Our stay in Bali was brief, one note in the music of a gamelan, but in that short time we once again experienced the vibrant life there that continues on even now, like the never ending notes from xylophones, gongs, strings, and bamboo flutes, flying over the rolling hills.
Those notes are intermixed with the interjection of young children’s shouts of “pagi!” as I ride past on my bicycle, flying down the mountain. The ride is like life itself- I can’t slow down, I can only call back to the children, “pagi!” A young girl, practicing her English calls out “what is your name?!” and before I get a chance to reply I’ve sped past, already regretting the loss of that moment.
But sometimes, time slows along with the gamelan- as you relax quietly in a spa while the clouds roll in and eventually shed their dark but beautiful tears, dimming the sky temporarily but painting everything green and fresh in their wake. As the xylophones fall into the pitter patter rhythm of rain and the huge droplets fall in sheets outside, everyone holds their breath for the crazy dancer that will surely appear soon.
Like the crazy, intense dancer’s eyes, there are parts of the Balinese experience that are not as relaxing. Holding tight to the handlebars of my bike, I maneuver around trucks, people, and motorcycles. Motorcycles packed as you’ve never seen, carrying cans of fuel, whole families, sheets of glass, mountains of balloons- all adding to the chaos of the street. My hands become numb in their hold on the handlebars of my bike, and my ears too, from the loud gongs and drums. Some of the crazy dancers I’ve never seen- the sketchy rock climbing, river rafting, zip lining experiences I wouldn’t attempt in this place. But throughout it all, there are little surprises- mouth-puckeringly sour passion fruit, fiery sambal, and cooling mangosteens.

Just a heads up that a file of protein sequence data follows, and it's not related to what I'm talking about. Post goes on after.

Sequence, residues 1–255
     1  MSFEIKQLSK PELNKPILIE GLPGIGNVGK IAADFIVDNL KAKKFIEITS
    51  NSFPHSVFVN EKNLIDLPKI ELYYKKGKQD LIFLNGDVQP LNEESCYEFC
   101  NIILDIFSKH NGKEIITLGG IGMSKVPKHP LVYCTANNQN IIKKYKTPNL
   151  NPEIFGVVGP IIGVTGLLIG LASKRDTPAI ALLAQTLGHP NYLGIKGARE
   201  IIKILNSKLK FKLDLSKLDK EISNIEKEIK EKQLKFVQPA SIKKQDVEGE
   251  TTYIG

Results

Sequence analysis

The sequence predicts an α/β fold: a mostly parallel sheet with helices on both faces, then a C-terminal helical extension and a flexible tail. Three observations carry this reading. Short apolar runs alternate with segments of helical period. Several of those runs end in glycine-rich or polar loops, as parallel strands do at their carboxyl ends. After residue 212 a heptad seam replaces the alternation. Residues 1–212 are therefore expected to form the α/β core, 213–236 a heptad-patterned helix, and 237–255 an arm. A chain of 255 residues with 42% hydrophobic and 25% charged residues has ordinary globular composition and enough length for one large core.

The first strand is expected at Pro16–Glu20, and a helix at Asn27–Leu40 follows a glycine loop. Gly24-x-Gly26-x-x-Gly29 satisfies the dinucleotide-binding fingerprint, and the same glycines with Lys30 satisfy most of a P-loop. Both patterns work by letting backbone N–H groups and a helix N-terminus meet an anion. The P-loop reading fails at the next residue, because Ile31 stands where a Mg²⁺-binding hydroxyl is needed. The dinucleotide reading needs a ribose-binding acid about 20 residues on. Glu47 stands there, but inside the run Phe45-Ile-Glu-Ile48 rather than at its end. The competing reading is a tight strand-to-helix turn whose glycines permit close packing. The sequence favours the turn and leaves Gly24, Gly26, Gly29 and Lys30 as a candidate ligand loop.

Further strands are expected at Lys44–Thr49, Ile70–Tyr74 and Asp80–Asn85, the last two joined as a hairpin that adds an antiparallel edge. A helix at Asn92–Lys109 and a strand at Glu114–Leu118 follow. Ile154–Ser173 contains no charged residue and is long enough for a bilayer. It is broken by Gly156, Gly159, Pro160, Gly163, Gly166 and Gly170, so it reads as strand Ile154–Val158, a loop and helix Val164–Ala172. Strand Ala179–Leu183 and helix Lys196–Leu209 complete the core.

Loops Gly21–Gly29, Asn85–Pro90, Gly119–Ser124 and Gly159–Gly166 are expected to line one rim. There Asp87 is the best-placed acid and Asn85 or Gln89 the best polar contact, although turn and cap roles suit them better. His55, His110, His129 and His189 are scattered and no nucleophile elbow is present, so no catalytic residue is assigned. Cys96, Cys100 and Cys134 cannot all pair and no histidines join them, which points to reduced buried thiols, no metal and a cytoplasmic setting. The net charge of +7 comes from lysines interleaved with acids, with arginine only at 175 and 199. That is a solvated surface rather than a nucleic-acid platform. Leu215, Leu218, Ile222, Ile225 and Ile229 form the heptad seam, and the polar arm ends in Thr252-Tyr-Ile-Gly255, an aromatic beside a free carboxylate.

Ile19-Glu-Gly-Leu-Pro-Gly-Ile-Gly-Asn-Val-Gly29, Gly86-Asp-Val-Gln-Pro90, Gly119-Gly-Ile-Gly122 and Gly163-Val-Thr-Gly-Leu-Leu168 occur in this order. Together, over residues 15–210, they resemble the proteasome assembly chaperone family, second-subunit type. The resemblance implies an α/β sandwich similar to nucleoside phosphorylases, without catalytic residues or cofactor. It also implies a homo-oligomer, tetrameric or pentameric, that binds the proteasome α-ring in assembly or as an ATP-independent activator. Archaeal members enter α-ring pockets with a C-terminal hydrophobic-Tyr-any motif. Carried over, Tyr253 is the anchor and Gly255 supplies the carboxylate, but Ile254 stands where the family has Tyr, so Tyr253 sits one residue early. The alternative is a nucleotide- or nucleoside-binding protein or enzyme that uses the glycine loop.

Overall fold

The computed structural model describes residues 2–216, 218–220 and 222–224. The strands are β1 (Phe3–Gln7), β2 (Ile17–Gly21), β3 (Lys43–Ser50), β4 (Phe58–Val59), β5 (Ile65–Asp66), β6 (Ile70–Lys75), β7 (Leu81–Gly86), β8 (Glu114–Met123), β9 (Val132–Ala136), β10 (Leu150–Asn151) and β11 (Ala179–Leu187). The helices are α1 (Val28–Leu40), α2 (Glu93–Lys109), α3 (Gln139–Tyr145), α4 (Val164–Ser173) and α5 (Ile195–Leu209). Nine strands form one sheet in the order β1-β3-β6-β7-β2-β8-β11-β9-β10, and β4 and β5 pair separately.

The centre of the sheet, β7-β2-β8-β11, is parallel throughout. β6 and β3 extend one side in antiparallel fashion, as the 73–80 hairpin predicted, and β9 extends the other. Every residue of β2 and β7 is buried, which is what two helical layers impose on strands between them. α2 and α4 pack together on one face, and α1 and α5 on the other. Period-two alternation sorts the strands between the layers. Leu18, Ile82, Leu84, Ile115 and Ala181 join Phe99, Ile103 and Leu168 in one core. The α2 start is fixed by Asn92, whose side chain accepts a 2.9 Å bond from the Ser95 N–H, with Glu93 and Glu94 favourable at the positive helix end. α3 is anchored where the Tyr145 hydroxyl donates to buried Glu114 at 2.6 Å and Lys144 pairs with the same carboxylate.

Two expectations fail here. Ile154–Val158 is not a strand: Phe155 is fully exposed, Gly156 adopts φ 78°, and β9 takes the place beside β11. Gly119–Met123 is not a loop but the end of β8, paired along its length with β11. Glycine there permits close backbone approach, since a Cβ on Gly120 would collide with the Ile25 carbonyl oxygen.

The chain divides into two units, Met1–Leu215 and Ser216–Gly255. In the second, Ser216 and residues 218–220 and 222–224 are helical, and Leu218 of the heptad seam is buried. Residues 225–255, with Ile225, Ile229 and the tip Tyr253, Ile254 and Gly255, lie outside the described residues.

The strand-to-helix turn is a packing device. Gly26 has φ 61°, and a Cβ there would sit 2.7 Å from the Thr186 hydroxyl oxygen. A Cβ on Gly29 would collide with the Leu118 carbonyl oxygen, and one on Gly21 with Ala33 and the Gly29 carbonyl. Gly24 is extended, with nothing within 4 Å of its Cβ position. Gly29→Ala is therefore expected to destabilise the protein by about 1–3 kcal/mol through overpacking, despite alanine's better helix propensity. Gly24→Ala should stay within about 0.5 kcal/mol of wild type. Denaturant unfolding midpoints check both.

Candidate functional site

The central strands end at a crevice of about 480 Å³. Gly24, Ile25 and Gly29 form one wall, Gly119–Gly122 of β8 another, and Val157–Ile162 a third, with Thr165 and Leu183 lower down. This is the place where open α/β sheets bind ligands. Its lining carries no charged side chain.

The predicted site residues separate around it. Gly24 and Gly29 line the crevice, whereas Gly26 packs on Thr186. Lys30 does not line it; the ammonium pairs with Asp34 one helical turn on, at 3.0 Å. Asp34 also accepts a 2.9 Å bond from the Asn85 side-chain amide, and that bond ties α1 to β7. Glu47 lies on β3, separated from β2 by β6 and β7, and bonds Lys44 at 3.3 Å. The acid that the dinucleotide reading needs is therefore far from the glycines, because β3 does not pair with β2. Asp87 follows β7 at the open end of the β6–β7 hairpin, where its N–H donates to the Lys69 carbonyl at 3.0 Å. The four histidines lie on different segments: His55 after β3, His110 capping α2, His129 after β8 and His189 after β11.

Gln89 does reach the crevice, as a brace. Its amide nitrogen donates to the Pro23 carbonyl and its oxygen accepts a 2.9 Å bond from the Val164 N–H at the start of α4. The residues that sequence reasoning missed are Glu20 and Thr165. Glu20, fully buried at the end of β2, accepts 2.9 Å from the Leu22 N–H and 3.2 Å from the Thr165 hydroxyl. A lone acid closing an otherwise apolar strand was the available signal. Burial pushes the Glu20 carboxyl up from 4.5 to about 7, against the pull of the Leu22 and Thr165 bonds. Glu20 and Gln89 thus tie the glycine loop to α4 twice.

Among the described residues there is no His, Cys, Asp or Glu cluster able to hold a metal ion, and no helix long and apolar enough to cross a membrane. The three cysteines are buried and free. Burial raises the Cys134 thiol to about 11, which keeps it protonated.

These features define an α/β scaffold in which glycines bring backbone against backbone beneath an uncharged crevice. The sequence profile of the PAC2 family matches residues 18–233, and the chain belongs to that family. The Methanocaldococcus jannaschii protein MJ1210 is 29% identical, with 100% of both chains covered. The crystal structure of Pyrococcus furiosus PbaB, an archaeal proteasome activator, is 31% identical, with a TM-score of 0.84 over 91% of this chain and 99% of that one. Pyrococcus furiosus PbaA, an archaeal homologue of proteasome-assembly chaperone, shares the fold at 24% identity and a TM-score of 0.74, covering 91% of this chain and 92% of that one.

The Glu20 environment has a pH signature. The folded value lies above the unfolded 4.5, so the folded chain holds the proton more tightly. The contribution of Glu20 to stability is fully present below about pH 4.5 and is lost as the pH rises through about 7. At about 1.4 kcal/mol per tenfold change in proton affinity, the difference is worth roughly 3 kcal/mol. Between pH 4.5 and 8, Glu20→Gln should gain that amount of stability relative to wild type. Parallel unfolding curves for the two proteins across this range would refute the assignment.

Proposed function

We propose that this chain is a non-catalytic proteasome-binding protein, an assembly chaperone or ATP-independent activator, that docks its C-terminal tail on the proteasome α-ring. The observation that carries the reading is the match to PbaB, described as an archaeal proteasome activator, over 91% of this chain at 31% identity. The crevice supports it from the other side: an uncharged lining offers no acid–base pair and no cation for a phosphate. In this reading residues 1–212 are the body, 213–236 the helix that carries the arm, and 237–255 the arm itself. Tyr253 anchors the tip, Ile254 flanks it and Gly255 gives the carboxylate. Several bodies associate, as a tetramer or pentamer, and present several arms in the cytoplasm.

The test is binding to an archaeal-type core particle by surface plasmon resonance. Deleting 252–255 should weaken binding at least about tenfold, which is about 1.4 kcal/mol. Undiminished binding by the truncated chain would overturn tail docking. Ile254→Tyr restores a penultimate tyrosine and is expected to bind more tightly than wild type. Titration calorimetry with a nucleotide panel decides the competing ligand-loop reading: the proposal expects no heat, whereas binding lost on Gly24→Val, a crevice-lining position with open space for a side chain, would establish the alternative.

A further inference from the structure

Everyone watches the show differently. Young dancers in the corner quickly lose interest as they move on to the next thing, braiding each others’ hair or giggling silently. Some people sway with the music, barely staying in their seats as they’re tempted to get up and dance. Some quietly observe the synchronous moves of the dancers and become thoughtful with the repetition of the music. Unlucky are those who miss the dance altogether, so eager to share the experience with others that they overlook the moment. But no matter how, everyone feels the beats of the drums in their bones and the dancers’ rhythms in their hearts. Everyone flies down the mountain. Faster, faster, faster.. until we can’t slow down. We must remember to look for those places where the path levels out to slow down our bicycles and listen to the rain and the soft beats of the gamelan, because we know it will always speed up again.